Are you getting ready for your next camping trip and wondering how to safely pack eggs so they don’t break? If so, you’ve come to the right place. We have several tricks to keep your eggs whole. We also have alternatives to whole eggs, and advice to you keep safe from food poisoning. So read on to learn everything you need to know about storing eggs for your next trip!
Safe storage guidelines
However you pack you eggs, you need to be sure to store them safely. Let’s start with where you got the eggs – were they store bought or fresh from a farm or backyard laying hens?
The type of egg you have matters. In the United States, commercially processed eggs are stored differently than fresh eggs. In Europe, you can follow the recommendations for fresh eggs. Always dispose of cracked eggs.
Grocery store eggs
Eggs in grocery stores were washed and sanitized to kill bacteria (Salmonella poisoning is a serious form of food poisoning from a bacteria which commonly infects chickens). Afterward, they were cooled in a refrigerator and they need to say cool and dry to prevent bacteria growth. Follow the FDA Guidelines for storing eggs:
- Refrigerate promptly at 40° F. Do not freeze eggs in the shell
- Whole, raw eggs are best within 3-5 weeks.
- Hard boiled eggs last 1 week after cooking (in shell or peeled)
- A frozen mix of egg whites and yolks is good for one year. Egg whites may also be frozen separately.
- Refrigerate cooked egg dishes and use them within 4 days.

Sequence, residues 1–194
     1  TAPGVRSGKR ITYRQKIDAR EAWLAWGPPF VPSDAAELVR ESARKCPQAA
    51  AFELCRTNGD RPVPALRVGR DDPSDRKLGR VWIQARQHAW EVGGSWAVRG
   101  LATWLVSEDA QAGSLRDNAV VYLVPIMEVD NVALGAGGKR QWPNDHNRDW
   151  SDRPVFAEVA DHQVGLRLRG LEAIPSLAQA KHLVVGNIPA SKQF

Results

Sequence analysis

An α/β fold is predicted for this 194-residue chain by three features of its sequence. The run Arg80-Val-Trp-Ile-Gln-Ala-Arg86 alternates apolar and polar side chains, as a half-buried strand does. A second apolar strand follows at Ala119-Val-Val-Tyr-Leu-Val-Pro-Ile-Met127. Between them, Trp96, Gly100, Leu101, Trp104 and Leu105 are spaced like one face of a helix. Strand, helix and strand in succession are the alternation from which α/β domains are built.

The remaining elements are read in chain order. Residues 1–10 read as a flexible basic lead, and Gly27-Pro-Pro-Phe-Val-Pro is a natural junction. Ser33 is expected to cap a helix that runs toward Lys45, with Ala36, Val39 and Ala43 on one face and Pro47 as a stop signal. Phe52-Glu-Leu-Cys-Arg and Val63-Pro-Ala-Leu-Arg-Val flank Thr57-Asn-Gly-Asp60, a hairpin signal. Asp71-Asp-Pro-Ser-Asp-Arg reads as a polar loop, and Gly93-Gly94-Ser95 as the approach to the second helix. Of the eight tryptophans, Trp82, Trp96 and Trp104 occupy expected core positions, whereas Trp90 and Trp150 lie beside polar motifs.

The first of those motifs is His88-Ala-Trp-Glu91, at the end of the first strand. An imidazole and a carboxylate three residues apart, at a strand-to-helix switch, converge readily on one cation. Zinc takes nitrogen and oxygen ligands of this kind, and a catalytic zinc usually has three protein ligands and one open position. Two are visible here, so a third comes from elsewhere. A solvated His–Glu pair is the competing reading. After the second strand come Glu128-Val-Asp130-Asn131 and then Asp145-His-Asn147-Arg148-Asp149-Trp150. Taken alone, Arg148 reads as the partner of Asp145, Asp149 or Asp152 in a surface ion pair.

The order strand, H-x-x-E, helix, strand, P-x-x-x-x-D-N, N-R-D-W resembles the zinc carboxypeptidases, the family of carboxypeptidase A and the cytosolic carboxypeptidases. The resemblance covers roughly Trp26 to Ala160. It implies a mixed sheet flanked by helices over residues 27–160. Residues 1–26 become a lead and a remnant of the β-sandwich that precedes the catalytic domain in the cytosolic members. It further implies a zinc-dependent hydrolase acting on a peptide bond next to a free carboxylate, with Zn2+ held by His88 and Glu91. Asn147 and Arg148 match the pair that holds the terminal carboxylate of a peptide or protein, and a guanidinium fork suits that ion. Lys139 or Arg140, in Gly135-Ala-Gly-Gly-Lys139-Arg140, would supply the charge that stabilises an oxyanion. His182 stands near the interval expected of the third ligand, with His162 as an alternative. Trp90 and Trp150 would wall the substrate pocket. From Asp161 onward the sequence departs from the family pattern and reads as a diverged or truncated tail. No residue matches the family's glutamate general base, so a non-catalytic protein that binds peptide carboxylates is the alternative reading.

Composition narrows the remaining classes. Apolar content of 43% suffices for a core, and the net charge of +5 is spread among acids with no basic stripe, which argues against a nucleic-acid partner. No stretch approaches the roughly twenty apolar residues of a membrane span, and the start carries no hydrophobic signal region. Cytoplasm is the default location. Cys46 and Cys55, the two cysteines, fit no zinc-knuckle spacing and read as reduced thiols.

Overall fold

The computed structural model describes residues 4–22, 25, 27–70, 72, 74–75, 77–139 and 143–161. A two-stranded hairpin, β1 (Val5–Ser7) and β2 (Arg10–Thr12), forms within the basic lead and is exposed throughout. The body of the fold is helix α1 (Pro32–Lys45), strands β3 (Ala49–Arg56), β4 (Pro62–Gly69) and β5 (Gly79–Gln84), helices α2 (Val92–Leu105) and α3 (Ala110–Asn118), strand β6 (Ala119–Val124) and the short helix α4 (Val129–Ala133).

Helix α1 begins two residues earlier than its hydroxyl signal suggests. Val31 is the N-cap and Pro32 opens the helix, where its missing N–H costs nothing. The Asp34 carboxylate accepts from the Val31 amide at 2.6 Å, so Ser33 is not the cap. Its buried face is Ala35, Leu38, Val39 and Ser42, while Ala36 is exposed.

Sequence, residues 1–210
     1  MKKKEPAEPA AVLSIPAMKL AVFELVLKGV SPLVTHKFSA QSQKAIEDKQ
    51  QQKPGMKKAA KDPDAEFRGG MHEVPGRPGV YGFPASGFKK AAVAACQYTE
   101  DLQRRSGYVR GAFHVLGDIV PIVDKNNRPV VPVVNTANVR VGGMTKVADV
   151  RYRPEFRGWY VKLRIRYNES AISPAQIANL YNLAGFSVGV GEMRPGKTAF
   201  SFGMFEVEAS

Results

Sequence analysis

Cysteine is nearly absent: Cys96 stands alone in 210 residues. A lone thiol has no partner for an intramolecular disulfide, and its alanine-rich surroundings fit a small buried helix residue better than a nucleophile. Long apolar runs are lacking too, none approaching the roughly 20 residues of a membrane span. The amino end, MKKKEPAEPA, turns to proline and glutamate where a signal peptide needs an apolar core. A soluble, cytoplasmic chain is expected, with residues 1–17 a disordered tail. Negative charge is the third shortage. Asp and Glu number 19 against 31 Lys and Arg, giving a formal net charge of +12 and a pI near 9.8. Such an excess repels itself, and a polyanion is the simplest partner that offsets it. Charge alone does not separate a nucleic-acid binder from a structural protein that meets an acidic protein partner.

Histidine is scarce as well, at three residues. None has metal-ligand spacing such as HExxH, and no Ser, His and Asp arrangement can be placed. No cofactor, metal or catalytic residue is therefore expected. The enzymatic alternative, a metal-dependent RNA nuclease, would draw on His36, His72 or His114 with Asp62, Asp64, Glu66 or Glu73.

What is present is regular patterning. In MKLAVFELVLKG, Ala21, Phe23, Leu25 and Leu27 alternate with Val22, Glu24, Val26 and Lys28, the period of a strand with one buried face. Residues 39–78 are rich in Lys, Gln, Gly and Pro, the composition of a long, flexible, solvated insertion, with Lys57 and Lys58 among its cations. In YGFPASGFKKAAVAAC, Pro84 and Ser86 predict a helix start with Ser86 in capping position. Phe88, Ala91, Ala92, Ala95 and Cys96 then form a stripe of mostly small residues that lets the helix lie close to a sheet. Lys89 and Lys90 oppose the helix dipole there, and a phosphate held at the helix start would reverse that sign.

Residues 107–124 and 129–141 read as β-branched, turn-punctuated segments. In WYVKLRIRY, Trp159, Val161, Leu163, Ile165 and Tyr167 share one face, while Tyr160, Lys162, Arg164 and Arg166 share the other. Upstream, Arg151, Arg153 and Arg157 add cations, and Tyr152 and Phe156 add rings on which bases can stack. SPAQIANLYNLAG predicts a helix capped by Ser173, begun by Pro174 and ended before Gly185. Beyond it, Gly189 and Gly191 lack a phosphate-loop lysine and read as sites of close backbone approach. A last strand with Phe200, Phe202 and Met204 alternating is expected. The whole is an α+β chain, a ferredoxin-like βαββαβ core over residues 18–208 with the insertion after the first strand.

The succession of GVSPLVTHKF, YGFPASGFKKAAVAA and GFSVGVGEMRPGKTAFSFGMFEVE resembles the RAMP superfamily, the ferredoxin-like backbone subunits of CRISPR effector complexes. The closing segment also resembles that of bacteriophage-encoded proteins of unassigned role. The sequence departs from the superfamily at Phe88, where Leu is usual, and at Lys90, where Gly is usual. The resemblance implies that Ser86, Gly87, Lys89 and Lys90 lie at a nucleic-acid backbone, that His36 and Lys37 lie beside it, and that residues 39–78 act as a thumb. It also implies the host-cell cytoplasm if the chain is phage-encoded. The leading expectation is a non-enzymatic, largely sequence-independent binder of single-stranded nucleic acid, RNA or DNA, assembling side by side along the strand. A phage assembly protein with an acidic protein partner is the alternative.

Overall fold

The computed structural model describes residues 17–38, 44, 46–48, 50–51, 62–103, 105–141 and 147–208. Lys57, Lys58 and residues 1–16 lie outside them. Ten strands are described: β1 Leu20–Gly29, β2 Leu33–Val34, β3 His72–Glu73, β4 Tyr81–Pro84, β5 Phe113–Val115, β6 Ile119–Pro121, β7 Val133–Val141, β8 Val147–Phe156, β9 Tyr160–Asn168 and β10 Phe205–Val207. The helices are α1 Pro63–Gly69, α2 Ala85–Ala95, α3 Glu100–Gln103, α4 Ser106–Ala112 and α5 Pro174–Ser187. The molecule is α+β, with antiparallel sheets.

When camping, you need a cooler with ice or an electric cooler to keep store-bought eggs cold. For long trips, it’s a good idea to make sure you can find additional ice or have electricity for your cooler.
Farm fresh eggs
You may store farm-fresh eggs at room temperature, but it’s important to keep them dry. Water helps bacteria penetrate the eggshell. If you refrigerate the eggs, they must stay cold afterward to prevent condensation or “sweating”.
Because your eggs have not been sanitized, keep them separate from other foods. Thoroughly wash your hands after handling them. Anything that touches them may be contaminated and should be washed or discarded.
How to Store Whole Eggs for Camping
You need to protect your fragile eggs so they don’t get crushed or broken from bouncing around. Choose a hard plastic container with some cushioning and then pack in a cooler. These recomendations are best for car camping where you have space to follow the safety guidelines.
Plastic egg holder
I like to a plastic egg container designed for camping. These separate the eggs from each other and provide enough protection in a cooler. They are available in different sizes, commonly holding 2, 6, or 12 eggs. Add a layer of paper towels to keep them from moving inside the case. I place the holder in a plastic bag (to keep it dry) and pack it in my cooler with ice.
Wide mouth water bottle
Another trick is to place the eggs in a wide-mouth water bottle with some paper towels between them so you don’t crack the egg shells. Stuff the extra space so they don’t move around in the bottle.
Tupperware or plastic storage container
Any rigid plastic container is a great option and will protect your eggs, just be sure to separate the eggs and add some padding to prevent movement. You don’t want the eggs cracking each other as you drive down a bumpy road.
The egg carton from the store is the next best choice if you don’t have a rigid container. Just be sure to add some extra padding and a plastic bag to keep the eggs dry in your cooler.
Plastic bag with padding
I see websites suggesting you use a plastic Ziploc bag with padding – just be careful that nothing can crush the eggs. Don’t place anything on top of the eggs.
Bubble wrap is a wonderful padding material for eggs, but it won’t protect them from crushing. Use it with a rigid container or take care where you place the eggs with other food and ice packs.
Lose the shells – Break the eggs before your trip